- Statement that the employment is at-will
- Any contingencies of the job offer
- Contact details for questions and concerns
And here are some things that you shouldn’t include in a job offer letter:
- A comprehensive list of all duties and responsibilities. If specific duties are mentioned in the job offer, be sure to include that the list is not complete and that the duties are subject to change.
- Promise of a specific length of employment, including any mention of job security. This could be misconstrued as an employment contract.
Now that you have an idea of what goes into an entry-level job offer letter, here’s a free template to get you started.
P.S.: Hiring more than just entry-level employees? Check out our formal offer letter template, our informal offer letter template, and our conditional job offer letter template, all found here.
And if you’re hiring part-time employees? There’s a template for that, too. Check out our hourly wage offer letter template here.
Entry Level Job Offer Letter Template
Dear [Candidate’s Name],
We are excited to formally offer you the role of [Position/Title] at [Company Name]! After meeting with you last week, we are confident your skills and experience will be a valuable asset to our company.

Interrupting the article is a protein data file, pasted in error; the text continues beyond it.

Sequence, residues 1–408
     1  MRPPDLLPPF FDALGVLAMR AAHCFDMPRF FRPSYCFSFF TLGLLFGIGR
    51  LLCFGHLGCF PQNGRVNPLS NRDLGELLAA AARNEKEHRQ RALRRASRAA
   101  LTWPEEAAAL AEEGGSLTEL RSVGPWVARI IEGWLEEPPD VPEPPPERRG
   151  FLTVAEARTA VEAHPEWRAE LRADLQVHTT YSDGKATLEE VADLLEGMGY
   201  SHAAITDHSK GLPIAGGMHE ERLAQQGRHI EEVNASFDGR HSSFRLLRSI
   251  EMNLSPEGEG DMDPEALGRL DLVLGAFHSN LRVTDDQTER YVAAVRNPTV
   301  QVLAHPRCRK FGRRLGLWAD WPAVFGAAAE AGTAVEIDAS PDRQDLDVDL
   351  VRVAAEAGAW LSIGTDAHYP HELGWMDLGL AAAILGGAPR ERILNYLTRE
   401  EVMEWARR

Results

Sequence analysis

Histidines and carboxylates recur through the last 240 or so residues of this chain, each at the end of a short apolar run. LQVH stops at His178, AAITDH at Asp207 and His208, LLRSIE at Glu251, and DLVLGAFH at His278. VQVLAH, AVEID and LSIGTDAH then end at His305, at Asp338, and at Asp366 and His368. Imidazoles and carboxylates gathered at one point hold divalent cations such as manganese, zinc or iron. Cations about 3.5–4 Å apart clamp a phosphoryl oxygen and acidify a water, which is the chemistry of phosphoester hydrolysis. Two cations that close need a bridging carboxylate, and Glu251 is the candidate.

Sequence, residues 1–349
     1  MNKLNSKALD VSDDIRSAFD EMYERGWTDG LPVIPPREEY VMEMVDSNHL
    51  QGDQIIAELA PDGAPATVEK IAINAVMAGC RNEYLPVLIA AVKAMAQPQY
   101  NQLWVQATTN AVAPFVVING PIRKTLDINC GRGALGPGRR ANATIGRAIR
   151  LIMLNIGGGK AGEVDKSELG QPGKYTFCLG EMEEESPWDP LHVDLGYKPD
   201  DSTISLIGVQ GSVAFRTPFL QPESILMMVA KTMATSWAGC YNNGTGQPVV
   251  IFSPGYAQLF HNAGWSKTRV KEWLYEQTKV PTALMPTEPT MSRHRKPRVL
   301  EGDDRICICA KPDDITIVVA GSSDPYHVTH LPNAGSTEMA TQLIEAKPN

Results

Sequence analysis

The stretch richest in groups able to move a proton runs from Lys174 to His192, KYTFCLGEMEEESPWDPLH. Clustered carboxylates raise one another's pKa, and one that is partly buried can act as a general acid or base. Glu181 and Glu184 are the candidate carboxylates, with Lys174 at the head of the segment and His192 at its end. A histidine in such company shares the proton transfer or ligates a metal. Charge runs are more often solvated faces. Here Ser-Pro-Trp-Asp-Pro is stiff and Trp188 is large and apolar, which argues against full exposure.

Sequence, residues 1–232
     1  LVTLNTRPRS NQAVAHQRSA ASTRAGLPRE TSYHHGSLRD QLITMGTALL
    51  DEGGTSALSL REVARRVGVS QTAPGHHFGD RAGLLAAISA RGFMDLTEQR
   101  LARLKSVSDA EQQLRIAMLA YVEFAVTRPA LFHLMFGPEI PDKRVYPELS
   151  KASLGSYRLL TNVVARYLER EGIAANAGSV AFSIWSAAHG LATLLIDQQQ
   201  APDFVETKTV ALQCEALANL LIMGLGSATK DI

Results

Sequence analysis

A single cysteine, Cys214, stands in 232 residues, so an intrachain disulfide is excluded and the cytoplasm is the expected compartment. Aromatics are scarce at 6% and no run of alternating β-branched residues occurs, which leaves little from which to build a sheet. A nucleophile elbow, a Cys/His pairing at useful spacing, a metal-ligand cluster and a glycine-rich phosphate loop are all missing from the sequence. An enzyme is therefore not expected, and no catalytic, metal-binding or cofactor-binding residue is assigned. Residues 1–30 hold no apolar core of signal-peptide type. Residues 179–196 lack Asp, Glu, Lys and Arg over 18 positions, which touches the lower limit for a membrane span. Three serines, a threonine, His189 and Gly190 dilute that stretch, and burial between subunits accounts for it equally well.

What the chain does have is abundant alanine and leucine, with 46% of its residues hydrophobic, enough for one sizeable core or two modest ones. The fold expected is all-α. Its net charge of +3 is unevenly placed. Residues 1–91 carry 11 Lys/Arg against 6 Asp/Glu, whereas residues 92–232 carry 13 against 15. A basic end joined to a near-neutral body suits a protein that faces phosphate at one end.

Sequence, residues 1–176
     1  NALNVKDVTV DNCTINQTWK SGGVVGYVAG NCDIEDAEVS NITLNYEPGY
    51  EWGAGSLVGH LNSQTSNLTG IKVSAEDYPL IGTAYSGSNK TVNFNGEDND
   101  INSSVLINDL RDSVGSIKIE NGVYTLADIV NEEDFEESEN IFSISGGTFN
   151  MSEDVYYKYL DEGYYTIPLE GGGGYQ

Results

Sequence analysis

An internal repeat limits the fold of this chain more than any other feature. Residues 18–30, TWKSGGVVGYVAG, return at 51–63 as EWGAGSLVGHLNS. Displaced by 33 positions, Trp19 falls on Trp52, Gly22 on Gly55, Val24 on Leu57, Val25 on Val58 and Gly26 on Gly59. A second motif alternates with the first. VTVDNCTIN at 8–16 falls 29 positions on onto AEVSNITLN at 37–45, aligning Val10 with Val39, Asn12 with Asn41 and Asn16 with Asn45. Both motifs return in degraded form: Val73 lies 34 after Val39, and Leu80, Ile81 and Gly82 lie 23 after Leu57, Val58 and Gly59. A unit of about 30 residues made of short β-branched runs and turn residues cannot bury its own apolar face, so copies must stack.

This offer is contingent upon your passing our mandatory drug screen, our receipt of your college transcripts, and [Any other contingencies you may wish to state.]
Your role will be on the [Department], reporting to [Manager’s Name]. The location for this position is in our [Location] office.
The Company will pay at a rate of $[Wage], payable in accordance with the Company’s standard payroll schedule.
As discussed, this is a full-time, exempt position. Our regular work hours are [Monday through Friday, 9:00 a.m. to 5:00 p.m.].
Due to the entry-level nature of this role, you are required to participate in [Training Program] upon your starting at [Company.] Should you accept the offer, you are also eligible to participate in professional development opportunities such as [List any professional development opportunities, if desired.]
The position of [Title] is subject to company policies, including any and all future revisions. Employment in this role is at-will, meaning either the employee or [Company] may terminate employment at any time for any reason.
[Company] does offer Company-sponsored benefits, including: [Take this opportunity to list any benefits or perks for which this employee will be eligible.] Vacation is accrued at [X Hours] per pay period, which is equivalent to two weeks on an annual basis. Personal days are generally accrued per company policy.
Attached is our Confidentiality Agreement. To officially accept this role, please read, sign, and date the Agreement by [Due Date].
Thank you for your interest in [Company]! If you have any questions or concerns about the details of this offer, please feel free to contact [HR Contact Information.] We hope you’ll consider joining our team and look forward to welcoming you aboard.